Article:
Stop Fighting - Agata Canning Psychoterapist

Struggle switch on or off?

Most clients come to therapy because they want to get rid of their depression, anxiety, addiction, traumatic memories, low self-esteem, fear of rejection, anger, grief and so on. They come in a state of war; they don’t want what is happening to them and what they are experiencing.
In therapy clients slowly learn to stop fighting with their experiences and begin to open up to them, developing acceptance of unwanted feelings, emotions or thoughts which are outside their control. There is recognition that the more you try to get rid of difficult feelings the more they overwhelm you. Russell Harris in his article: ‘Embracing Your Demons: an Overview of Acceptance and Commitment Therapy.’ asks his readers to imagine that at the back of our mind there is a ‘struggle switch’. When it’s on, it means we’re going to fight against any physical or emotional pain that comes our way. Let’s say you are experiencing anxiety. If your struggle switch is ON, then that feeling is unacceptable. This means you could feel anger or sadness about our anxiety. You could also feel anxious about your anxiety: ‘What’s wrong with me? This is terrible. This shouldn’t be happening. I’m going to have a panic attack.’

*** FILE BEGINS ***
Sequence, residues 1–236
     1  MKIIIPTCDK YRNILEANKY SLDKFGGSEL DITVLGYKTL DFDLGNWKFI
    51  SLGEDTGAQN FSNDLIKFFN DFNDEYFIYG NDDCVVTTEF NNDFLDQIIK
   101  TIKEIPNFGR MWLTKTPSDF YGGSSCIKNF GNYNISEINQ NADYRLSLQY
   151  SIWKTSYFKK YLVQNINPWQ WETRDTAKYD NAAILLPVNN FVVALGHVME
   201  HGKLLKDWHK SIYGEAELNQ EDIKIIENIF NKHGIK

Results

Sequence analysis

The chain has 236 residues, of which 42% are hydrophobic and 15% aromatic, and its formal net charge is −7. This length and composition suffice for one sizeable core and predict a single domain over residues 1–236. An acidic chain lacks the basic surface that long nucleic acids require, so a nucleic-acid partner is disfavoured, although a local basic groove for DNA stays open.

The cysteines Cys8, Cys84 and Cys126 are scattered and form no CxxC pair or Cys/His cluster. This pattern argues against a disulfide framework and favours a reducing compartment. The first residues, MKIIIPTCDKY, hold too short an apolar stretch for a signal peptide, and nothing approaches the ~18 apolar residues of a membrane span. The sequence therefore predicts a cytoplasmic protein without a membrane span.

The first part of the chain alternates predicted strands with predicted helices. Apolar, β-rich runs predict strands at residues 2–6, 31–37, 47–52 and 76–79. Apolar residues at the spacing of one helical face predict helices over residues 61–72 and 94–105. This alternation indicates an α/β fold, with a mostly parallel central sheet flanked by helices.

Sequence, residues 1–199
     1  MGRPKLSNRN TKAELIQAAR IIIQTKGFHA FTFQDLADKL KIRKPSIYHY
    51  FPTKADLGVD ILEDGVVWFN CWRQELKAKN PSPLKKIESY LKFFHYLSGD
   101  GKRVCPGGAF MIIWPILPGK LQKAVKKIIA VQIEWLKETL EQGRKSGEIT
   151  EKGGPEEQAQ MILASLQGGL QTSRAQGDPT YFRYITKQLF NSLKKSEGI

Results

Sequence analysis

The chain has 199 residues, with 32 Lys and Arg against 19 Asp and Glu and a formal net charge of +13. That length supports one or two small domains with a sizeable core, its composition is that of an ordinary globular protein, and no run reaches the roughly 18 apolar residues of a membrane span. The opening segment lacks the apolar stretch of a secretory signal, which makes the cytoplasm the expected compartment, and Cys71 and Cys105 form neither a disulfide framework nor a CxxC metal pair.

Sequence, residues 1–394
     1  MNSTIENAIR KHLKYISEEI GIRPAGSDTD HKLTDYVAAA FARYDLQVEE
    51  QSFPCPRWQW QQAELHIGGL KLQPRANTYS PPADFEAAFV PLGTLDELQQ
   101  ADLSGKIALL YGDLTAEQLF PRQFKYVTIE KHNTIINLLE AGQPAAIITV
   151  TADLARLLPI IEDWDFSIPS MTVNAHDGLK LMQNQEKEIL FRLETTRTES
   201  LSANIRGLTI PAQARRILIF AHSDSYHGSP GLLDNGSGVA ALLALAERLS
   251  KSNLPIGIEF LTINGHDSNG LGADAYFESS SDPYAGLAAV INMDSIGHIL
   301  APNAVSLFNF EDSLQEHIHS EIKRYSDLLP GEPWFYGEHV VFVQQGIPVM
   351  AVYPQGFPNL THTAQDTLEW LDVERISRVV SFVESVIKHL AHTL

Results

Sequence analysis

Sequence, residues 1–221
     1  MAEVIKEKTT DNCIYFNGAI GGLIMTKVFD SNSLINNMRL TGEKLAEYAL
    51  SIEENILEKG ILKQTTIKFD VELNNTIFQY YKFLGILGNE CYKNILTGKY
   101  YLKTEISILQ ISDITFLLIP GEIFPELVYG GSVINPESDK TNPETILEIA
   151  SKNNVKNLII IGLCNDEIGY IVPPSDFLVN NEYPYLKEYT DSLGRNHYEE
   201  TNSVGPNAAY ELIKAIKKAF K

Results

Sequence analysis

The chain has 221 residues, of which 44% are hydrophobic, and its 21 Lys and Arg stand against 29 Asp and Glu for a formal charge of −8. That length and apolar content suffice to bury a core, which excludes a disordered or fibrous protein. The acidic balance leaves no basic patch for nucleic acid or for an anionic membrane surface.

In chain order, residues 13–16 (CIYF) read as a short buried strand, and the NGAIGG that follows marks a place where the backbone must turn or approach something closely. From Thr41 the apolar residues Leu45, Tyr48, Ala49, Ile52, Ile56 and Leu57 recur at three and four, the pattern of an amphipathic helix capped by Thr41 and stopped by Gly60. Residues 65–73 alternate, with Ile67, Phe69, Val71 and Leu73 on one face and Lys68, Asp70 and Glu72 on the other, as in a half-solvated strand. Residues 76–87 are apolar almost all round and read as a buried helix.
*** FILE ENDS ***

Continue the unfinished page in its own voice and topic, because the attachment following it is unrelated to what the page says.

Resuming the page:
What the struggle adds to the primary emotion is useless, unpleasant, unsupportive, and a drain upon your energy.
What if your struggle switch is OFF? Whatever emotion shows up, no matter how unpleasant, you don’t struggle with it. It’s unpleasant. you don’t like it, or want it, but at the same time, it’s nothing terrible. Without the struggle our anxiety levels are free to rise and fall as the situation dictates. Sometimes they may be high, sometimes low and sometimes there may be no anxiety at all.
Without the struggle, depending on the situation we are in, we get a natural level for us of physical and emotional discomfort.
With the struggle switch ON, not only do you get emotionally upset by your own feelings, you also do whatever you can to avoid or get rid of them. You can end up with anger about your anxiety, anxiety about your anger, depression about your depression, or guilt about your guilt.
Next time you are experiencing a difficult emotion I invite you to notice whether your struggle switch is on or off; and experiment with how it feels when the struggle switch is on and when it’s off.

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